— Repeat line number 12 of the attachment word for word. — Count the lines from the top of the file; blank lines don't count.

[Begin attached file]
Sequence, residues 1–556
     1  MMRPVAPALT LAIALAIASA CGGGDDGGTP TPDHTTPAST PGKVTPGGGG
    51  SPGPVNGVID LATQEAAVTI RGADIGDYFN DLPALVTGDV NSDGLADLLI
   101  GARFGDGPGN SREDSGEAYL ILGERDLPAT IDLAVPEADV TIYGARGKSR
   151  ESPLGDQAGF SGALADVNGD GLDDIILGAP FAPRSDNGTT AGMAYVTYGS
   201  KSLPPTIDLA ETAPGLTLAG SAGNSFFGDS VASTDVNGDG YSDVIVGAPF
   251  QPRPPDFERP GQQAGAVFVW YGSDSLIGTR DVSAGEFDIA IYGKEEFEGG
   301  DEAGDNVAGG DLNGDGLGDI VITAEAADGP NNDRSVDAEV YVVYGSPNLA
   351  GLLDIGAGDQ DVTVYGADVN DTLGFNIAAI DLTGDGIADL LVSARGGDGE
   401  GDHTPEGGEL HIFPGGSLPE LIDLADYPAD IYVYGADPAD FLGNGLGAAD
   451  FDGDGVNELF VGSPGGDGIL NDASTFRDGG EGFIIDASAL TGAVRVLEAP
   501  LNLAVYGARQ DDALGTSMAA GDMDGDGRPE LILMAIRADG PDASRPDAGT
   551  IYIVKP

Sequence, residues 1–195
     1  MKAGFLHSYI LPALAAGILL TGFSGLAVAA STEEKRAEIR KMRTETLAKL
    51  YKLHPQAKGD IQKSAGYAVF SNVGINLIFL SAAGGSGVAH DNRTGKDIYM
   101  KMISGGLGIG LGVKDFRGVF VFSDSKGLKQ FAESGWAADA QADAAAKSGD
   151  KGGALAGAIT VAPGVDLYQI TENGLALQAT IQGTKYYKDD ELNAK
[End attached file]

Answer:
   501  LNLAVYGARQ DDALGTSMAA GDMDGDGRPE LILMAIRADG PDASRPDAGT